The Indian government has blocked a clutch of websites—including Github, the ubiquitous platform that software writers use for sharing and working on open-source code—because they were carrying “anti-India” content from ISIL (a.k.a. Islamic State or ISIS).
According to documents reviewed by Quartz, the decision to ban the websites had been in the works for more than a month.
The video site Vimeo, text repository Pastebin.com, and web-hosting provider Weebly are among the other sites that appear to have been affected.
While Quartz hasn’t been able to verify the authenticity of the specific document in the tweet above (we have been able to verify others), almost every website on the list was unavailable early afternoon (local time) via at least two internet service providers.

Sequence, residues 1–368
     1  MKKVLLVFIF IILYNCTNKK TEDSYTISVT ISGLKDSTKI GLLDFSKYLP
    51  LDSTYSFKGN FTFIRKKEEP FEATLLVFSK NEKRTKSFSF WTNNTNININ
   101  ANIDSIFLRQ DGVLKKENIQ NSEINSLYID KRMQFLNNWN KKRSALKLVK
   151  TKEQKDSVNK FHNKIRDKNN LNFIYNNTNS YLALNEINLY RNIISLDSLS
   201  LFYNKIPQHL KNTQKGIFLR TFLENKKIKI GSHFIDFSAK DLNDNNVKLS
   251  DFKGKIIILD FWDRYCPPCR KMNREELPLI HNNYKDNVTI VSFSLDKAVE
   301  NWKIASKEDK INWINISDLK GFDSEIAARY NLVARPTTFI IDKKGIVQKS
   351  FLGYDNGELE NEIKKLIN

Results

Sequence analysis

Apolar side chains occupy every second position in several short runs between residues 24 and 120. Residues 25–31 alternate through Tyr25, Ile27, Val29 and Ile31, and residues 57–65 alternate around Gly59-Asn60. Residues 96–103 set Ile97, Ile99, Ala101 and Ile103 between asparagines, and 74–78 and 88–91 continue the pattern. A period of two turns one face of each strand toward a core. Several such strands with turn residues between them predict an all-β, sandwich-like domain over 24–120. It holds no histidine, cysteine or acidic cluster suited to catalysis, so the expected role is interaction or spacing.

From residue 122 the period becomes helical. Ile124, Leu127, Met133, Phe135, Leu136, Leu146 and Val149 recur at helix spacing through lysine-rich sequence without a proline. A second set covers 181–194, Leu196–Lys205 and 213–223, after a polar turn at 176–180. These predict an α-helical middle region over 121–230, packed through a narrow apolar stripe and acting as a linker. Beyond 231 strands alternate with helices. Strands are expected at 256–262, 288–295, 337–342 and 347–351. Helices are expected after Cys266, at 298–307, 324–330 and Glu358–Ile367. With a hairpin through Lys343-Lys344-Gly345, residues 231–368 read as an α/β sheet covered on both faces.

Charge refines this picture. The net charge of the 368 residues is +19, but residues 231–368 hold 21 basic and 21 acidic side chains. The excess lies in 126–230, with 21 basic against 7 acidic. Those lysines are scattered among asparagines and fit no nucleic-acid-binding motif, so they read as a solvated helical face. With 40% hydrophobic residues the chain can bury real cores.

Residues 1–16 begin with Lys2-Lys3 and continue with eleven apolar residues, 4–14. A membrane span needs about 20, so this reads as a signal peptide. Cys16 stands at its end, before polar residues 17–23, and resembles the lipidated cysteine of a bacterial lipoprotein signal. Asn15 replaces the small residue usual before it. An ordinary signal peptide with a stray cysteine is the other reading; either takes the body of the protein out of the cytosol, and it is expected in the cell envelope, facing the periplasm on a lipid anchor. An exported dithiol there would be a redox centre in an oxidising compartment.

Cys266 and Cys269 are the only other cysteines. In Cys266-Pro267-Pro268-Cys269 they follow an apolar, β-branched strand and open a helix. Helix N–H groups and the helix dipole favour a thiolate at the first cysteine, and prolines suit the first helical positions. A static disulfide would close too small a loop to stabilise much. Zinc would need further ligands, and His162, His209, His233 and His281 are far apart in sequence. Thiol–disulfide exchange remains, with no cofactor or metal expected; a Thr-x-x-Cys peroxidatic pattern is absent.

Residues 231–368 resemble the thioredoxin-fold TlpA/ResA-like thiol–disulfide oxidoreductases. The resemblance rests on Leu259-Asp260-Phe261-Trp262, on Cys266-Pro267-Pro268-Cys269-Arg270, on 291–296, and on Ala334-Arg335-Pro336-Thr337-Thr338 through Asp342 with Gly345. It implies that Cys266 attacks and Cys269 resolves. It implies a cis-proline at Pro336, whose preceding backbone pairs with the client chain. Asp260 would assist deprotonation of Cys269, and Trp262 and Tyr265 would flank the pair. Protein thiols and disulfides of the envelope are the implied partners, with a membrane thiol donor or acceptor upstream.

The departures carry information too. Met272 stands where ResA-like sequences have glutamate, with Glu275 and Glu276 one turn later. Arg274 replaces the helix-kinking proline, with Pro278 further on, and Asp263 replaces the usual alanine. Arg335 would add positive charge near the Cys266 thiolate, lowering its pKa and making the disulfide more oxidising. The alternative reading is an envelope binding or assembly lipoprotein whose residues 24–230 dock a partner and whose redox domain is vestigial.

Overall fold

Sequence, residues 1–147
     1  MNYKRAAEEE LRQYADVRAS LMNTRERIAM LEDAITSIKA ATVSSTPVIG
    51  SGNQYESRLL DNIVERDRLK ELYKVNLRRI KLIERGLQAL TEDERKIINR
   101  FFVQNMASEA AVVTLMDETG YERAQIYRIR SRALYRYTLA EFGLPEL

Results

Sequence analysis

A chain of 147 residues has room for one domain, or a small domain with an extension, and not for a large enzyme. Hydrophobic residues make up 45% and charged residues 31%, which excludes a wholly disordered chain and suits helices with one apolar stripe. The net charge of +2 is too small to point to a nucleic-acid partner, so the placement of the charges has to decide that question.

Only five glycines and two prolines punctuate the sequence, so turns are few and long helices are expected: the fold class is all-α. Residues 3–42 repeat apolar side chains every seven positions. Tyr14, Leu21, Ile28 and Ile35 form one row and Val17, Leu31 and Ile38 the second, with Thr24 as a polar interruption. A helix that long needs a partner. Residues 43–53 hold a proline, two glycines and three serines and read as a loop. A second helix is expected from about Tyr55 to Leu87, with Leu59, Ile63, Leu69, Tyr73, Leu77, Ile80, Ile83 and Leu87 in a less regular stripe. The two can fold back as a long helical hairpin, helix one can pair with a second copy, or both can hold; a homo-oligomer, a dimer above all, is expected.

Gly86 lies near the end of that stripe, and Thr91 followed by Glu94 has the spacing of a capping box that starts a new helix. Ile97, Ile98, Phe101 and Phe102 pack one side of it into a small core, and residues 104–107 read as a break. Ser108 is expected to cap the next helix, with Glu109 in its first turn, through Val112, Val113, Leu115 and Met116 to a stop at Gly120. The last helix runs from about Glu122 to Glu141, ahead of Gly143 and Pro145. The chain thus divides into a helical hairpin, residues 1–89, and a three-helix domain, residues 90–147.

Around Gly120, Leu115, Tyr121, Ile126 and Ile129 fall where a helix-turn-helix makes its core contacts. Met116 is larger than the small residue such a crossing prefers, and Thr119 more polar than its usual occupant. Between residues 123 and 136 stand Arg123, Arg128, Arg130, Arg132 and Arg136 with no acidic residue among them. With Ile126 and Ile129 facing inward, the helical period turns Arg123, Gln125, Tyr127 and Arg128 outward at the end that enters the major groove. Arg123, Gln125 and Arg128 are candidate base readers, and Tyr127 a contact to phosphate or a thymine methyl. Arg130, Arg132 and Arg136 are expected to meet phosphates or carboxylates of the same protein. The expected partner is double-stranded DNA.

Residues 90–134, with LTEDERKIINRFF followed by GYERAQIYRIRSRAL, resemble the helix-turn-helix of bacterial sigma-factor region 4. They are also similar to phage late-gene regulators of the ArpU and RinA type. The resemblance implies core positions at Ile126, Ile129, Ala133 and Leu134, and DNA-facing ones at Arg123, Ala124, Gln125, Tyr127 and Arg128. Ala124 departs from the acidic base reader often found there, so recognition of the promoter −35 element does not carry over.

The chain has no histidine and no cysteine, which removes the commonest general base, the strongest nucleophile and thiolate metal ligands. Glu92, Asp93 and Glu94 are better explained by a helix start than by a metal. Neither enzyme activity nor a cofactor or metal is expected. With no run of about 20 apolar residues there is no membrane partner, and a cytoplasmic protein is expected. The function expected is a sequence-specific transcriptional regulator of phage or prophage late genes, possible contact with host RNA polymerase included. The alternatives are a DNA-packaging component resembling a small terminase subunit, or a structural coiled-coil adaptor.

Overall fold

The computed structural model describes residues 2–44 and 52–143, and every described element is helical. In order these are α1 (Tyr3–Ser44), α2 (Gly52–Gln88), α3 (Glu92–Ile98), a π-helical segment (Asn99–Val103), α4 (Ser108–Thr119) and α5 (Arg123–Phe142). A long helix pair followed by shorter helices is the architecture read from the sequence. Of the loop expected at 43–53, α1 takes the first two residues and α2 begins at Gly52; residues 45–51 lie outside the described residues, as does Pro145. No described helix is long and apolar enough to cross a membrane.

And we weren’t the only ones to notice.
The government order doing the rounds on Twitter, if authentic, is dated Dec. 17.
The websites were blocked because they were allegedly carrying anti-India content and on the advice of India’s anti-terrorism squad, according to Arvind Gupta, the national head of the information technology cell at the Bharatiya Janata Party.
Gupta clarified that he was speaking as a party representative.
The head of the Indian government’s department of electronics and information technology was not available for comment.
Earlier this month, India’s security agencies went into a tizzy after UK’s Channel 4 News revealed that a prominent ISIL Twitter handle was based out of Bangalore. The authorities moved swiftly to arrest a 24-year-old engineer, Mehdi Masroor Biswas, who had been operating the Twitter account since 2009.
Pastebin.com—a text storage service—has been complaining since Dec. 19 that its site is inaccessible in India.
As has Internet Archive, a non-profit digital library.
Any difficulties in accessing Github are sure to be painful for India’s vast army of software developers, who power one of the bright spots of Indian’s struggling economy.
In a testament to Github’s importance, even China’s powerful censors were forced to unblock the site due to its importance for workers in the country’s tech industry.
But India isn’t alone—Russia also banned Github earlier this month.